MOVIE REVIEW

Young People Fucking

Young People Fucking
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Young People Fucking The biggest problem with the delightful Young People Fucking is its title. Perhaps filmmakers Martin Gero and Aaron Abrams thought that dropping an expletive connoting the sexual act into mix would draw more folks into the theater, but in reality it just makes the public at large think that this charming, dialogue-driven relationship comedy is nothing but cheap Canadian porn. It’s not porn, though there is a lot of sex in it. Pornography could be denoted as cinema meant only to titillate through explicit sex scenes, lacking any emotional context that might give the sex meaning. Young People Fucking, conversely, is all about the emotional context, with the sex, titillating as it might be to the characters on screen, being of secondary concern to the audience.

The plot is split up into 6 segments that neatly encapsulate the stages of seduction: Prelude, Foreplay, Sex, Interlude, Orgasm, Afterglow (followed, if only in my mind, by Cigarette, Another Cigarette, Nap Time and, finally, Shower). Within each segment, we follow a few different stories involving unrelated characters that all have one basic thing in common: they’re about to have sex. There is the Couple (Josh Dean and Kristin Booth), who’ve become bored with their sex life. The First Date involves a caddish playboy (Callum Best) and his wide-eyed lady friend (Diora Baird) who are finishing a night out with a night in. The Exes (Sonja Bennet and Matt Cook) are testing the terms of their break up with a pre-meditated one-night stand. Then there’s The Roomates: Gord (Ennis Esmer) invites his nebbishy roommate Dave (Peter Oldring) to bang Gord’s girlfriend Inez (Natalie Lisinska) in front of him for the edification of all involved. And there is my personal favorite, the Friends (screenwriter Aaron Abrams and Carly Pope), who half-heartedly decide to screw each other because there’s no one else around to screw. As the film moves from segment to segment, it becomes clear that to most of these people, sex is not really just sex and the implication of the act reaches far beyond instant gratification.

Thankfully, none of these stories are connected in any narrative way ala Four Weddings and Funeral, the mother of all relationship sex comedies. These characters aren’t related, don’t live in the same building, aren’t calling each up to share details about their conquests, aren’t bumping into each other at the local convenience store while on a condom run. Such intimate relations would complicate this simple treatise about desire and obscure the simplicity at the heart of the film. What really matters is the act going on in these 5 separate bedrooms, between the people who are in them. And they can complicate things themselves without help from friends and relatives, as made very clear in the story of the Exes who contemplate each other sadly even as they embrace the desire that emotional incompatibility could not douse completely.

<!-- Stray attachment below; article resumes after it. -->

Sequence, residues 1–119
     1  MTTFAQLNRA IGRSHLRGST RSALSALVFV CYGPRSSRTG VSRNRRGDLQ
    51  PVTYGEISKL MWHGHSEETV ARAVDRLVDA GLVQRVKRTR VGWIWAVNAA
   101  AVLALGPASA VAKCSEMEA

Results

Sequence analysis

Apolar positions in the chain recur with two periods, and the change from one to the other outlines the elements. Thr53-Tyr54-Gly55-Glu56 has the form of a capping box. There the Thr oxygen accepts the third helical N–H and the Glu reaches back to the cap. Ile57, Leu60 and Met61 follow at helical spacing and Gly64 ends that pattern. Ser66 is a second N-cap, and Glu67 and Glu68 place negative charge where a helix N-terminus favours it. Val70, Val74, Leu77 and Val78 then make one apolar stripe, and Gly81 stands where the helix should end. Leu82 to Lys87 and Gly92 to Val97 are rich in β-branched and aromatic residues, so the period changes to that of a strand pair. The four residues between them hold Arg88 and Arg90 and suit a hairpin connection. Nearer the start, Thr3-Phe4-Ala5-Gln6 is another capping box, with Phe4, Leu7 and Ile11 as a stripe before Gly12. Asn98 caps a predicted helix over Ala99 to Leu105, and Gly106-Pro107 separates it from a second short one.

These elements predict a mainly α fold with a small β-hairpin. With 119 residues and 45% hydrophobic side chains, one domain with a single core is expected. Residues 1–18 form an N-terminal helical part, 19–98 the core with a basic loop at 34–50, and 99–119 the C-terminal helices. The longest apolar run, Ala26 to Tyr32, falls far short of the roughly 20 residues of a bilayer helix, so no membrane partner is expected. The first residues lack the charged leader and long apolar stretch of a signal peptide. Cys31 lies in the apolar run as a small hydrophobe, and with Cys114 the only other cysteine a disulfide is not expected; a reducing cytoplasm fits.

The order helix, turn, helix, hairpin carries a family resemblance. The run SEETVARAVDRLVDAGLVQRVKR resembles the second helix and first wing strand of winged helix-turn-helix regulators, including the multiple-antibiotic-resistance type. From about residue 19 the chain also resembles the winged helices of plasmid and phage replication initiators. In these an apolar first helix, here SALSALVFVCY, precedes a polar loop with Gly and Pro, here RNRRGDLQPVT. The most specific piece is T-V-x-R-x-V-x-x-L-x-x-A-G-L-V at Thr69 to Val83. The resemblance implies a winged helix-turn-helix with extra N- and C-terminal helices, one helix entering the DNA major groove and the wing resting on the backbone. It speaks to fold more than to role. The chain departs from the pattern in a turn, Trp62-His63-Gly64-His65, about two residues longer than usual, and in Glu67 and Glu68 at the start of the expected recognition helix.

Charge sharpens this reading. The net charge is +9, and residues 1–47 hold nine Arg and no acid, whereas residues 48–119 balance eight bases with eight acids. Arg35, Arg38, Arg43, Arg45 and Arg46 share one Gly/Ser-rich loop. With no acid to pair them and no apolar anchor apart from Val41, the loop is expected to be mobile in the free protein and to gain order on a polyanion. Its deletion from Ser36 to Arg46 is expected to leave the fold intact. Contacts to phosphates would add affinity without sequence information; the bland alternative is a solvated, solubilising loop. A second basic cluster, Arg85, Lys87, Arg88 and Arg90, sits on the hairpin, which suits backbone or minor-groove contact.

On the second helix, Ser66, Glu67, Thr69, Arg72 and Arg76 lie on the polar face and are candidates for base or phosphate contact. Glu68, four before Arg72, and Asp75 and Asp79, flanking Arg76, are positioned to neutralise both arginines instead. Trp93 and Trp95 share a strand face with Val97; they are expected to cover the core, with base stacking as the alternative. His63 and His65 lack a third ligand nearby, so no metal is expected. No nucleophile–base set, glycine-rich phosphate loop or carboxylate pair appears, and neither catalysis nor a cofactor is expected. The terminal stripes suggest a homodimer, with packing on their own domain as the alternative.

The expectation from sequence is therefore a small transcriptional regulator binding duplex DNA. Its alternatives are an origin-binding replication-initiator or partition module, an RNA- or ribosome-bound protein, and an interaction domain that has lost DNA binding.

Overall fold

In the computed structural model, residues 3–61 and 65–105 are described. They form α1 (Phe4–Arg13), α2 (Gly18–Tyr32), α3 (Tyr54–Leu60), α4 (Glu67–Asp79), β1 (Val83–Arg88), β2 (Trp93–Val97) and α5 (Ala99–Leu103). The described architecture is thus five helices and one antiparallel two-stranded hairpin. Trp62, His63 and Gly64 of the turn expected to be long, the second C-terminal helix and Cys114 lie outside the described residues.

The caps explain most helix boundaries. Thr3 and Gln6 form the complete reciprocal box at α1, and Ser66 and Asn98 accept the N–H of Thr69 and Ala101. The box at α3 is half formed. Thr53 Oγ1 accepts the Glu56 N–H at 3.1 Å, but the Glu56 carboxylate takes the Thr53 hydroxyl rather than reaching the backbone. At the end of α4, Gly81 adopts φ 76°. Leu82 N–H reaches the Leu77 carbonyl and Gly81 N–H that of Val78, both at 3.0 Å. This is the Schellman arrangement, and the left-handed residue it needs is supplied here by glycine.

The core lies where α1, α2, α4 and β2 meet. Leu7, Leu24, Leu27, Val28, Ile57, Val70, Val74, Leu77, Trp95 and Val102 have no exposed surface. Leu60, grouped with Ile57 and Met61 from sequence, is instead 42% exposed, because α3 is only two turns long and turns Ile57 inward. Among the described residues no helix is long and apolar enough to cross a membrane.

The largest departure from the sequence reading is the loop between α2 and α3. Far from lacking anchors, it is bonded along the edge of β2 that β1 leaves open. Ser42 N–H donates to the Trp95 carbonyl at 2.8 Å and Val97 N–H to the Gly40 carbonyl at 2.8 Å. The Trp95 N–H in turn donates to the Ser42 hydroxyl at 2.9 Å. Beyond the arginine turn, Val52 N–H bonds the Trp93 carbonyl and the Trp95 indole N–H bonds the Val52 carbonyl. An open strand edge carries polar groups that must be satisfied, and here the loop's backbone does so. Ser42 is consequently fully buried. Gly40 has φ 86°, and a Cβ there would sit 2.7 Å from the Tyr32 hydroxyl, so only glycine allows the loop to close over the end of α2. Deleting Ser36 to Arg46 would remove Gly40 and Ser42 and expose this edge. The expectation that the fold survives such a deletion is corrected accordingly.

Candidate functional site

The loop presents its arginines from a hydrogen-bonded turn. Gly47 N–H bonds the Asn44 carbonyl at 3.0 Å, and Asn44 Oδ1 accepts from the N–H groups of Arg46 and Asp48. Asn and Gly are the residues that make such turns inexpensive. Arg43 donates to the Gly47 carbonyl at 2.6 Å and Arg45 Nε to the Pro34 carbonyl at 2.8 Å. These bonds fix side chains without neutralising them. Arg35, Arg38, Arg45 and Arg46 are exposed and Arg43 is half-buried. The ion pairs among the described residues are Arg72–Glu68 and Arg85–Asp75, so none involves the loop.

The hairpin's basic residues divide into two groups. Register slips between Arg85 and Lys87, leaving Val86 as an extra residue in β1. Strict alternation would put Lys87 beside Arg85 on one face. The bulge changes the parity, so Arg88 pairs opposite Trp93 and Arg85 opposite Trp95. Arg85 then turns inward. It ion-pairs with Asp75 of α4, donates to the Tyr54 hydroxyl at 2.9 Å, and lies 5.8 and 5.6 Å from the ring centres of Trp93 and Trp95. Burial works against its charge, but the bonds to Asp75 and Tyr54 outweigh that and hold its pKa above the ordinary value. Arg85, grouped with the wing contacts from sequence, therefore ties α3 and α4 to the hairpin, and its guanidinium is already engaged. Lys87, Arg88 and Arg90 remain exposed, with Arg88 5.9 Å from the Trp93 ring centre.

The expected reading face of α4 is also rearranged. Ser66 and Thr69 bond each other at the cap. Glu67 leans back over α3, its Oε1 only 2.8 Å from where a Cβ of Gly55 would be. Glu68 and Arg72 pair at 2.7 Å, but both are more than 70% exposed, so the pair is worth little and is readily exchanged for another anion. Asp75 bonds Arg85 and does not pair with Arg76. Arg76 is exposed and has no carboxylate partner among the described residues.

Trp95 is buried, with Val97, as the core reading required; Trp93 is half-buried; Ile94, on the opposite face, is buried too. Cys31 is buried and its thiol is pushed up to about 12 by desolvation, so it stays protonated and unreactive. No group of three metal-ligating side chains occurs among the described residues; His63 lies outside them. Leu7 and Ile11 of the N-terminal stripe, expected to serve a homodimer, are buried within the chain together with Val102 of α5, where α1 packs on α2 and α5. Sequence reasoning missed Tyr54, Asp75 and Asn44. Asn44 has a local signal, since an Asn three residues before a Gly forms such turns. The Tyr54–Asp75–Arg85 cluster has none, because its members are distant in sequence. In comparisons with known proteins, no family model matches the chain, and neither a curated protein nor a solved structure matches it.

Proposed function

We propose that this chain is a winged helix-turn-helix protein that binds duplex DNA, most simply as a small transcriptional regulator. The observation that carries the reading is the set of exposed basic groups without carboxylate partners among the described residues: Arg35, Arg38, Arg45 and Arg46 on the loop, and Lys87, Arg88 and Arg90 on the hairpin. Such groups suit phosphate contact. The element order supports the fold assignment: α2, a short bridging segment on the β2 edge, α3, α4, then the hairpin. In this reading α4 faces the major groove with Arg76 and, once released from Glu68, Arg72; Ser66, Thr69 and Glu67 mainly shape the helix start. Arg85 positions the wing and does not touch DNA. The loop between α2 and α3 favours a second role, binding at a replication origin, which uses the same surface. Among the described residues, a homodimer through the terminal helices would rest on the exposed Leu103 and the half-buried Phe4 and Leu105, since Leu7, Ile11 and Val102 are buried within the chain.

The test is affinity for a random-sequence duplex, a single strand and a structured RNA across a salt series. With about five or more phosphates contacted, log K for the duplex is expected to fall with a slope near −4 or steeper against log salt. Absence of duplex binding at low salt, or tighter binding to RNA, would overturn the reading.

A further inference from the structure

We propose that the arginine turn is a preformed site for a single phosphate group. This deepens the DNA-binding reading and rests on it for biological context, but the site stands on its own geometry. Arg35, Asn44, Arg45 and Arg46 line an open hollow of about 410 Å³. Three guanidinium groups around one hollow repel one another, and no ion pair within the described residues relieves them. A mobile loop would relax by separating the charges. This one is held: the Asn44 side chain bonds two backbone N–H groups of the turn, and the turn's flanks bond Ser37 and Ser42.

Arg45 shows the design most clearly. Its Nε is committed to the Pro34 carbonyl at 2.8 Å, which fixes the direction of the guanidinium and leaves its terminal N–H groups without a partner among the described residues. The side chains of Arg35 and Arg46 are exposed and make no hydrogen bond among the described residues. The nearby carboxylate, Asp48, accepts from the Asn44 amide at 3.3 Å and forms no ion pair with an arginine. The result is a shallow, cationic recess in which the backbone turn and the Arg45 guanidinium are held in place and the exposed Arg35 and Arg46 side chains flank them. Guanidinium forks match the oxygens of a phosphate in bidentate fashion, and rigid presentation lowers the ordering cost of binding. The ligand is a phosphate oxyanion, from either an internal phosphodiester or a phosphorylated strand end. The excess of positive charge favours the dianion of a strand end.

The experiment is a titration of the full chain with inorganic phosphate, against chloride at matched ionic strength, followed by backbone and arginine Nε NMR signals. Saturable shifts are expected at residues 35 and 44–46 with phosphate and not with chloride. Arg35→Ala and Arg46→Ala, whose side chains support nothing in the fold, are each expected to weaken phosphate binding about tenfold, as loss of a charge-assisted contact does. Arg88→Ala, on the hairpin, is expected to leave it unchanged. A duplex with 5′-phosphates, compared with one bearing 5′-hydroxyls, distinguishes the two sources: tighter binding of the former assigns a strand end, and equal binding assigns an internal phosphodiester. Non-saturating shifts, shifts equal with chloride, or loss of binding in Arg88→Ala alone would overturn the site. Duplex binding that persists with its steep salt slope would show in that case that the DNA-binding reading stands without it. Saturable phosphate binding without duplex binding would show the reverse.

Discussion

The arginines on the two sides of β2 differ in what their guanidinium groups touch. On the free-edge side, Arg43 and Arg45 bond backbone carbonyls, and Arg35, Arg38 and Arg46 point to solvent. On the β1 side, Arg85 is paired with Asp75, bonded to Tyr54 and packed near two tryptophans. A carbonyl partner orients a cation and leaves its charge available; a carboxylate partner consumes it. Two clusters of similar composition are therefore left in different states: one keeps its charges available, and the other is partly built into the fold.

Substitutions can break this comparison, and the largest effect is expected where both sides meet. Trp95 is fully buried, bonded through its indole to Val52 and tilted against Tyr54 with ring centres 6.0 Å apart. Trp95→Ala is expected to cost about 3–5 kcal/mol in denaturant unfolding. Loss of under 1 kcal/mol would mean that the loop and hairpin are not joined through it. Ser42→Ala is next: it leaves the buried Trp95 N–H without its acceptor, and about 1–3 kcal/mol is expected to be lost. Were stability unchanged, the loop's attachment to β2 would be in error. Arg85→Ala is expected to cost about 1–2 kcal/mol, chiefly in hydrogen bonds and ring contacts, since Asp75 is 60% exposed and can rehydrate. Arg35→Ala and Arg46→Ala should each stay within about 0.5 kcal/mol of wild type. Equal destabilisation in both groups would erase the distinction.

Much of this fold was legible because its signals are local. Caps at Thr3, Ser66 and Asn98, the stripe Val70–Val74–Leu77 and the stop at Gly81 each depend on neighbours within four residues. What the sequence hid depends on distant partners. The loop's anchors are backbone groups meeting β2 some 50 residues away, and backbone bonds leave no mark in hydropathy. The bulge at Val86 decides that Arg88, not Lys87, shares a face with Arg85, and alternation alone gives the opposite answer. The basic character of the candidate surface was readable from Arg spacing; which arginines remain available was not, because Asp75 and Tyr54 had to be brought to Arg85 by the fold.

What is most admirable about Young People Fucking is the honest way it treats the, yes, humor of sex because, let’s face it, sex can be very, very funny. What’s not hilarious about Gord interrupting his roommate with the order to quit this “caressing and making love shit” to the dishy Inez? Or about the deer-in-the-headlights look on Andrew’s face as Monica demonstrates how the candy colored strap on she won as a door prize at a bachelorette party will work for both of them? Young People Fucking also neatly does away with the Hollywood version of sex, in which a breathy love song plays in the background while two beautiful things roll around ecstatically in bed. The sexual situations encountered here are realistic to the core, with all the grime therein. The “it could happen to you” pragmatism in the sex scenes gives the film an appealing immediacy and relevance to the lives of, well, young people who fuck, but the mixture of pathos and hope will appeal to anyone, no matter what team you swing for or what year you were born in. The only let down is that, other than an engaging denouement for Gord and Inez, there are no great revelations, no ground-breaking lessons learned. But, considering how lovely and well constructed the rest of the film is, I can let that go.

The film ends with a sweet scene affirming the idea that sex and love don’t necessarily dwell on opposite poles. Though Bill Donahue is probably waiting in the wings to denounce Young People Fucking as obscene the moment it comes out, the film really does affirm the traditional view that although there can be sex without love, love is what brings meaning to sex in the first place, and love, not sex, is what everyone should be aiming for in the long run, way before the Prelude, before the Foreplay and before… well, you know how the rest goes.


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